When I start a terminal emulator (for example, qterminal), it starts the default shell (for example, bash). And when I quit the terminal (for example, by clicking the x button or by killing the terminal), the shell also exits. There remainds no process of the shell. I would like to know how this mechanism is implemented.

At first, I suspected that the terminal sends some signal to the shell. So I trap SIGQUIT, SIGINT, SIGTERM, SIGHUP in the shell, but no signal was trapped. I have no idea other than signal.

It may depands on the terminal and the shell, and perhaps on the OS. Please tell me any information about this situation.

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  • Thank you for your comment. The linked page explains how ctrl+c terminates a command. But, as far as I understood, it does not seem to explain how the shell is forced to exit. If it does, please tell me the part of the document.
    – user356126
    Feb 22, 2022 at 7:32
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    Run the following command in the shell: strace -f -o strace.log -p $$. Then close the terminal, and check in the strace.log file which signal it received.
    – aviro
    Feb 22, 2022 at 7:35
  • @user356126 You seem to have skipped quite a few parts of this article: "Bash runs as a child process of gnome-terminal, and yes as child process of bash." "Gnome-terminal, when launching a new window or tab, makes a request to the TTY driver* in the kernel asking for a new pseudo-terminal (PTY). " ... Feb 22, 2022 at 7:36

1 Answer 1


Usually the terminal sends a hangup (SIGHUP) to the process. Additionally, when the terminal closes its 'master' end of the pty, certain processes attached to it automatically receive a SIGHUP from the kernel as well – whether the terminal sent one or not.

Though the signal from the kernel is not sent to all processes which have the pty as their controlling terminal – I haven't checked exactly, but I think it is delivered specifically just to the "foreground pgroup", basically the same as with SIGINT/SIGQUIT from Ctrl+C/Ctrl+\.

Shells themselves such as Bash already have a handler for SIGHUP which delivers additional SIGHUPs to all background jobs managed by the shell (ignoring those which were disowned), e.g. a sleep 1h & will be SIGHUP'd by Bash when the latter is about to exit due to its own received SIGHUP.

For example, when closing the terminal cleanly:

$ sudo strace -p ${pid_of_bash}
strace: Process 102874 attached
pselect6(1, [0], NULL, NULL, NULL, {sigmask=[], sigsetsize=8}) = ? ERESTARTNOHAND
--- SIGHUP {si_signo=SIGHUP, si_code=SI_USER, si_pid=87390, si_uid=1000} ---
--- SIGCONT {si_signo=SIGCONT, si_code=SI_KERNEL} ---
rt_sigreturn({mask=[]})                 = -1 EINTR (Interrupted system call)
--- SIGHUP {si_signo=SIGHUP, si_code=SI_KERNEL} ---
rt_sigreturn({mask=[]})                 = -1 EINTR (Interrupted system call)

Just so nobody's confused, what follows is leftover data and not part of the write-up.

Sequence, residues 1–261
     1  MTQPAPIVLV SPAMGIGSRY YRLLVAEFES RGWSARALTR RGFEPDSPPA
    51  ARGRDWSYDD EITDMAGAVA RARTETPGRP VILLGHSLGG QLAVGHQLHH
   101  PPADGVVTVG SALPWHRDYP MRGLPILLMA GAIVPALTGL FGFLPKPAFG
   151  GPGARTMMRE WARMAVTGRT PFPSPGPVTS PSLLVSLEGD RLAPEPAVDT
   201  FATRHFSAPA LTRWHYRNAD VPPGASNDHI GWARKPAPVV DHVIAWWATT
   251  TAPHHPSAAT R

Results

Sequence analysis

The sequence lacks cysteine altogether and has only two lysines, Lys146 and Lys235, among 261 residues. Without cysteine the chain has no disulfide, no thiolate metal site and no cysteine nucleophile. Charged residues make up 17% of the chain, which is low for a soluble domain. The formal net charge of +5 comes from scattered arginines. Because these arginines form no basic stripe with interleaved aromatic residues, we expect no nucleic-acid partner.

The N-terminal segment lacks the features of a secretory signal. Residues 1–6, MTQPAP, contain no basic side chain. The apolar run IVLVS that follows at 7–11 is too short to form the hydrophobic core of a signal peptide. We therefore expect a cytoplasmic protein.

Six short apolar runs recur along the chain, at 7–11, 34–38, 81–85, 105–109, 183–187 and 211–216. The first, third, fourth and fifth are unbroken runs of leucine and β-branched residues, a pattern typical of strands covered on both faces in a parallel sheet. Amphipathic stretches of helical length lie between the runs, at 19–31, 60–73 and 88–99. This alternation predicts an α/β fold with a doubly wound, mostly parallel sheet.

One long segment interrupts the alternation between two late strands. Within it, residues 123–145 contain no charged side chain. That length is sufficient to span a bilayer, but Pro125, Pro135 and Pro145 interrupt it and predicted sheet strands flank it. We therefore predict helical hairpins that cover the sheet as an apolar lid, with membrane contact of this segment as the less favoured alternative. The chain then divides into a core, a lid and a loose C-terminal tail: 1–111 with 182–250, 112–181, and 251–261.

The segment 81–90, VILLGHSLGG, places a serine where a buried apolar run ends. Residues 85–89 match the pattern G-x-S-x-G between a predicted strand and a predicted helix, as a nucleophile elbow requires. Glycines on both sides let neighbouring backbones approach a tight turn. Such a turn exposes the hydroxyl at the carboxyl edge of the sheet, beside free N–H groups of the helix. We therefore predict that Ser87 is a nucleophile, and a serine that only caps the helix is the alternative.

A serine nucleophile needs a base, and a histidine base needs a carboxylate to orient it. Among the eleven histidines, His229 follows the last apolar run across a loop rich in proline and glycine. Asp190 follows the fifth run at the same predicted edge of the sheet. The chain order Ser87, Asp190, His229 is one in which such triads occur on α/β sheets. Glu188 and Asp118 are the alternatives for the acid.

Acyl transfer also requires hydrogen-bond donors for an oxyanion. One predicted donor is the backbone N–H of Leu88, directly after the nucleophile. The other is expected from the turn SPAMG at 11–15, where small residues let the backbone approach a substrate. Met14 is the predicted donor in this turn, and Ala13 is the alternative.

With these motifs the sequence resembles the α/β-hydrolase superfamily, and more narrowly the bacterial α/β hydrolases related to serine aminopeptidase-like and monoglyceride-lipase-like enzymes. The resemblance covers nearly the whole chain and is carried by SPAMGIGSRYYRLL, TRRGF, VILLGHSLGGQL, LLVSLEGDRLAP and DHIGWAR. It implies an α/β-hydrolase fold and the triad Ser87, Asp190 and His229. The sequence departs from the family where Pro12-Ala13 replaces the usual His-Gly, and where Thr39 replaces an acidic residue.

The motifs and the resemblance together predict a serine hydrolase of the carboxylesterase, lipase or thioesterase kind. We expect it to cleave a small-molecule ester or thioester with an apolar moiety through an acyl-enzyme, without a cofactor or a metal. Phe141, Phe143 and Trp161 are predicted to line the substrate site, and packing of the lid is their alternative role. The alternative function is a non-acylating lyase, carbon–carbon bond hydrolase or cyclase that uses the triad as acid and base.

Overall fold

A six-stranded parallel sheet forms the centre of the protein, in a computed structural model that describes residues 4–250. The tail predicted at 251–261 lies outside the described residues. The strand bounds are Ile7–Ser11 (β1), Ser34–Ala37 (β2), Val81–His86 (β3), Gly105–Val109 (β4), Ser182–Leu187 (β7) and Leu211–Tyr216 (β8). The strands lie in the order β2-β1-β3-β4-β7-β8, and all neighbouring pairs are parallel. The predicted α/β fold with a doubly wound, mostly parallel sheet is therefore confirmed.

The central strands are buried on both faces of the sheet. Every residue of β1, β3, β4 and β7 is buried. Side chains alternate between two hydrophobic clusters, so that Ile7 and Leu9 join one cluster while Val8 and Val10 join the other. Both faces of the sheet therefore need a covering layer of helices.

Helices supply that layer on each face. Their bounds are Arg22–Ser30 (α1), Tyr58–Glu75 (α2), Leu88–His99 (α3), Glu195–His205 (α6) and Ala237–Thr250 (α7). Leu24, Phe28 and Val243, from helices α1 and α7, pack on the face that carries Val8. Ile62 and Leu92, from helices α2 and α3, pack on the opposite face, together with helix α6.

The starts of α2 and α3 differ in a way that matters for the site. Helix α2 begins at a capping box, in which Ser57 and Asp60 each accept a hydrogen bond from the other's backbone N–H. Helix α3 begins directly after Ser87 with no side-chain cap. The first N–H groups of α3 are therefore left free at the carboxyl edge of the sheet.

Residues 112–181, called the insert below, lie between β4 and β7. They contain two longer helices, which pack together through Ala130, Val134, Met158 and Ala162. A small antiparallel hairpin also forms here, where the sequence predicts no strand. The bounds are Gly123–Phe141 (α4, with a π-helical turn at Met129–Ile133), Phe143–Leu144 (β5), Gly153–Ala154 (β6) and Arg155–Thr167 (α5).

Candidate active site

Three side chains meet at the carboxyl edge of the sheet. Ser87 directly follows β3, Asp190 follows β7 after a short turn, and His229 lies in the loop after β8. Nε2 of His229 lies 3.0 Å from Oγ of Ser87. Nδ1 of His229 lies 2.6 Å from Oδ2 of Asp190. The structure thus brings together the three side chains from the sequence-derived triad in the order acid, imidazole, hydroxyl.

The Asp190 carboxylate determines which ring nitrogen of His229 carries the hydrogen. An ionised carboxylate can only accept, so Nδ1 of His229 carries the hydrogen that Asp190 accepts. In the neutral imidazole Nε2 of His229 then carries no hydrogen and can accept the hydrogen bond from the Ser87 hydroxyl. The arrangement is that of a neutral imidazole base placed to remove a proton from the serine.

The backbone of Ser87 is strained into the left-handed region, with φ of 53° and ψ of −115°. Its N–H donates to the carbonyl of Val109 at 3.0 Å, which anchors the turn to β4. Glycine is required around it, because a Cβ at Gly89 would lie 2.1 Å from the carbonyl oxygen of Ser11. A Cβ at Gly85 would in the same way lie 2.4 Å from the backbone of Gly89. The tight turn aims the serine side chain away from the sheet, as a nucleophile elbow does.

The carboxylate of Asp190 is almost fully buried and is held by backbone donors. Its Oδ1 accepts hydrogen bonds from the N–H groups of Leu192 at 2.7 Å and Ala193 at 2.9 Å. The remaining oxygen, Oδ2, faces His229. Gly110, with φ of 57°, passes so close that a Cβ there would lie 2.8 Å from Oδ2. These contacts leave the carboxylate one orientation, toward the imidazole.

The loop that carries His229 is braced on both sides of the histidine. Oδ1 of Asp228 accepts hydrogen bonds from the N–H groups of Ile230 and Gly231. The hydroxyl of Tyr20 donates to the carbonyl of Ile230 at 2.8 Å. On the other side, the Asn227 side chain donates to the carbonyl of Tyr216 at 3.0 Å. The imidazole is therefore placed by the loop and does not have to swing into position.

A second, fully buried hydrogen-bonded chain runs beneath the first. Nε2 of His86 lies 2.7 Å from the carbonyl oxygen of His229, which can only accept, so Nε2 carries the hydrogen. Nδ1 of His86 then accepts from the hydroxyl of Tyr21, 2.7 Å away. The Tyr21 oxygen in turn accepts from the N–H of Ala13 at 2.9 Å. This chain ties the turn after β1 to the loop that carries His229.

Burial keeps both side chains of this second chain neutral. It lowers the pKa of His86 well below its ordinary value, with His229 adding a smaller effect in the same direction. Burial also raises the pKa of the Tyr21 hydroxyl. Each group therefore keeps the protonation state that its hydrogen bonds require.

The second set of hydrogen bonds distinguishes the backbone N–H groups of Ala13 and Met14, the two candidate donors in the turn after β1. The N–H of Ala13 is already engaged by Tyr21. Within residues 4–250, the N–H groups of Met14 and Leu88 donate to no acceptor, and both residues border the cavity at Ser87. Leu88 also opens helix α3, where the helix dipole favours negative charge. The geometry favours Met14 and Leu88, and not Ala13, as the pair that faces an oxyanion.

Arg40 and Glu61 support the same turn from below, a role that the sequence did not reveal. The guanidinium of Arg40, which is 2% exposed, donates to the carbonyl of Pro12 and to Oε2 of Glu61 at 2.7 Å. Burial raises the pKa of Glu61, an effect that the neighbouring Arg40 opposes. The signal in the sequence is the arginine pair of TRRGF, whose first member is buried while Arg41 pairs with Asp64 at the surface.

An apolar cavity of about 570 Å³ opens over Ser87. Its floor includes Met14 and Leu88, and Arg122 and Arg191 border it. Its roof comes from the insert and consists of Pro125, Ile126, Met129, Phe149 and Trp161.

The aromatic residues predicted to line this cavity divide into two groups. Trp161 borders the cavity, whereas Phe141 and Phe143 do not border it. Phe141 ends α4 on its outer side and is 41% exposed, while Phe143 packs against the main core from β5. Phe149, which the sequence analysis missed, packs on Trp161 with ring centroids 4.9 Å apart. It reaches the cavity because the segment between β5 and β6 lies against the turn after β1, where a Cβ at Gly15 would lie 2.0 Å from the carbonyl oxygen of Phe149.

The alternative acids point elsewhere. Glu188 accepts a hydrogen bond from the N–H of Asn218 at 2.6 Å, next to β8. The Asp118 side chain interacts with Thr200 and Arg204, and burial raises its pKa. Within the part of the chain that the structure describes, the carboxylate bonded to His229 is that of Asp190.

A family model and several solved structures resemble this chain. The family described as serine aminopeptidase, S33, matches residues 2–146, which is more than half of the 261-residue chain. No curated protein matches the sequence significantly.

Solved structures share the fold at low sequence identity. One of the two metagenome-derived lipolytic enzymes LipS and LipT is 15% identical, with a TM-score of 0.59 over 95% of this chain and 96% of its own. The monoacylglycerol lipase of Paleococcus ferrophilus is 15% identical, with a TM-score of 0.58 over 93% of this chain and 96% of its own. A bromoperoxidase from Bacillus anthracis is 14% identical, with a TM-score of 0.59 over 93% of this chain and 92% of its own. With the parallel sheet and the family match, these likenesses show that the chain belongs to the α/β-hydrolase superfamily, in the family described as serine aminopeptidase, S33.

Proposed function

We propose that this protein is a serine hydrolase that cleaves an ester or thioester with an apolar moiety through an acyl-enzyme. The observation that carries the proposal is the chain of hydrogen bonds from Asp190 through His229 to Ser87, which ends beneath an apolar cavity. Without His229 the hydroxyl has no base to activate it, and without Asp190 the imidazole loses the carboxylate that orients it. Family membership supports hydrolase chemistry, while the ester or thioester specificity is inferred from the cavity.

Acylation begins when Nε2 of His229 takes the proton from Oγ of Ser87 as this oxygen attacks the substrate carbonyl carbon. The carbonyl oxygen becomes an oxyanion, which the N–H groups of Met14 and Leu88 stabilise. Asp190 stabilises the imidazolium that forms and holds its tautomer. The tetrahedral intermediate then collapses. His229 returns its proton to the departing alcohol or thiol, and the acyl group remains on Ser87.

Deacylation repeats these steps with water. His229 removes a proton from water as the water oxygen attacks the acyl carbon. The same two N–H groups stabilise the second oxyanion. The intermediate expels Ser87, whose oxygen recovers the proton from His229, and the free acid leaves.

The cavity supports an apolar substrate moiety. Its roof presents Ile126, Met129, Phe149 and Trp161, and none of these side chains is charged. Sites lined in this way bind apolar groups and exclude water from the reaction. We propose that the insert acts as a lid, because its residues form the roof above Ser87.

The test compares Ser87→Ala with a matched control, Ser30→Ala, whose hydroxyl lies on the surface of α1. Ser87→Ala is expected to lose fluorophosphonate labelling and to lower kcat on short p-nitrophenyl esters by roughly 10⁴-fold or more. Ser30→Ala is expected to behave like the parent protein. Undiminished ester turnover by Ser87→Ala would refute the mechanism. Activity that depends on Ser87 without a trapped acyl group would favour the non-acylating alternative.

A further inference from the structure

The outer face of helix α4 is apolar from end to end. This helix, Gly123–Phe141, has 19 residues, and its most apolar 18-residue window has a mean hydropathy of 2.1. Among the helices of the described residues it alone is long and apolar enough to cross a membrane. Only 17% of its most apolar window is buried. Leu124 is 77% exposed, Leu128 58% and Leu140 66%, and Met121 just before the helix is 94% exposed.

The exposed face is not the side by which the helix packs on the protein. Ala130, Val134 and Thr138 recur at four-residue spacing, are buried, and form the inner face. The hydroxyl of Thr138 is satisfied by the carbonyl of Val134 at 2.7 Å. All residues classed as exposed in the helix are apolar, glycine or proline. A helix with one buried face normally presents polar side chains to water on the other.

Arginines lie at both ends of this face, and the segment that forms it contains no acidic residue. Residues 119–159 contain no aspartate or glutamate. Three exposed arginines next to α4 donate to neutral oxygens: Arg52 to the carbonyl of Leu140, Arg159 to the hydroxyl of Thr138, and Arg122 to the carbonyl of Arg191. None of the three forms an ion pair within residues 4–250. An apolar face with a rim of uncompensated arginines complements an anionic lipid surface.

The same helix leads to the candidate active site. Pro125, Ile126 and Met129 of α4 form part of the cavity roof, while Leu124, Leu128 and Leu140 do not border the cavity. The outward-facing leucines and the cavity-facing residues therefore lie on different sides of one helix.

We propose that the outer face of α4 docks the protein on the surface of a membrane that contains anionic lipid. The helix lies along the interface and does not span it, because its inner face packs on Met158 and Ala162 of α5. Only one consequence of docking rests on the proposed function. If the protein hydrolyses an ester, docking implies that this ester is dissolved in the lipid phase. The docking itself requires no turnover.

And when using a debugger to issue close(ptmx_fd) from the terminal's process:

$ sudo strace -p ${pid_of_bash}
pselect6(1, [0], NULL, NULL, NULL, {sigmask=[], sigsetsize=8}) = 1 (in [0])
--- SIGHUP {si_signo=SIGHUP, si_code=SI_KERNEL} ---
--- SIGCONT {si_signo=SIGCONT, si_code=SI_KERNEL} ---
rt_sigreturn({mask=[]})                 = 1
read(0, "", 1)                          = 0
rt_sigprocmask(SIG_BLOCK, NULL, [], 8)  = 0
ioctl(2, TCXONC, TCOON)                 = -1 EIO (Input/output error)
write(2, "\33[?2004l\r", 9)             = -1 EIO (Input/output error)

Finally, when the pty is closed, the shell (or other foreground program) will receive EOF when trying to read from it (i.e. read() will return 0), which it'll handle just as if you pressed Ctrl+D – this too will usually cause the program to exit, though of course it could ignore the EOF (I've seen a particular program go into an infinite loop in this case, when it decided to ignore both the SIGHUP and the EOF).

It is very possible that the shell exits on EOF before it reaches your custom SIGHUP handler. For example, I can reproduce your results in Bash under GNOME Terminal (with the trap ... SIGHUP not being called), however, if I additionally set IGNOREEOF=1 telling Bash to not quit on EOF, then the custom SIGHUP trap is indeed invoked.

A custom trap also happens to override Bash's default "exit on SIGHUP" behavior. So when I tell Bash to ignore EOFs and trap SIGHUP, it actually keeps trying to print a prompt to a nonexistent tty – the 'strace' output shows it calling all of my usual PROMPT_COMMAND hooks, trying to write the prompt to stdout, getting EIO, then trying to write error messages to stderr, getting EIO from that, and only afterwards it decides that enough is enough and exits.

  • Thank you for your answer. Your detailed explanation made me understand the exit behavior of Bash, and why I could not trap SIGHUP. Following your way, I set IGNOREEOF=1. Then, the cusdom SIGHUP trap was invoked also in my envoronment (Bash under qterminal).
    – user356126
    Feb 25, 2022 at 2:55
  • I tried to check signals using strace. In my environment, it seems that Bash sends SIGHUP to itself, and that Bash handles several signals using rt_sigaction. I could not understand why Bash behaves like that, but it made me curious.
    – user356126
    Feb 25, 2022 at 3:05

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